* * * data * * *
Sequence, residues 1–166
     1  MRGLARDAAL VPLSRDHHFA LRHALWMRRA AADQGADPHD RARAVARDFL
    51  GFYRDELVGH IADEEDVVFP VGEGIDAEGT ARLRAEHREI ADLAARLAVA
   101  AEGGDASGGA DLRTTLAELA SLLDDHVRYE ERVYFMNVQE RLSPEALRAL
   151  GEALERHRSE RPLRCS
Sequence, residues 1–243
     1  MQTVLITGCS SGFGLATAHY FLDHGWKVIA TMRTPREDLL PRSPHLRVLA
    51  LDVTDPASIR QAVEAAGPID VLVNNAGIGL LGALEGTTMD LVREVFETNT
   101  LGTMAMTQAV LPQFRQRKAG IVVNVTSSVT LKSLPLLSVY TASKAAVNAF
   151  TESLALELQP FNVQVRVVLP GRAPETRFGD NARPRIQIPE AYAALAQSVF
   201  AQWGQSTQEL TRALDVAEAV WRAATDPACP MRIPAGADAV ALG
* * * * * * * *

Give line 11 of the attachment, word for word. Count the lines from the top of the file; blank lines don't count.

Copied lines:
   201  AQWGQSTQEL TRALDVAEAV WRAATDPACP MRIPAGADAV ALG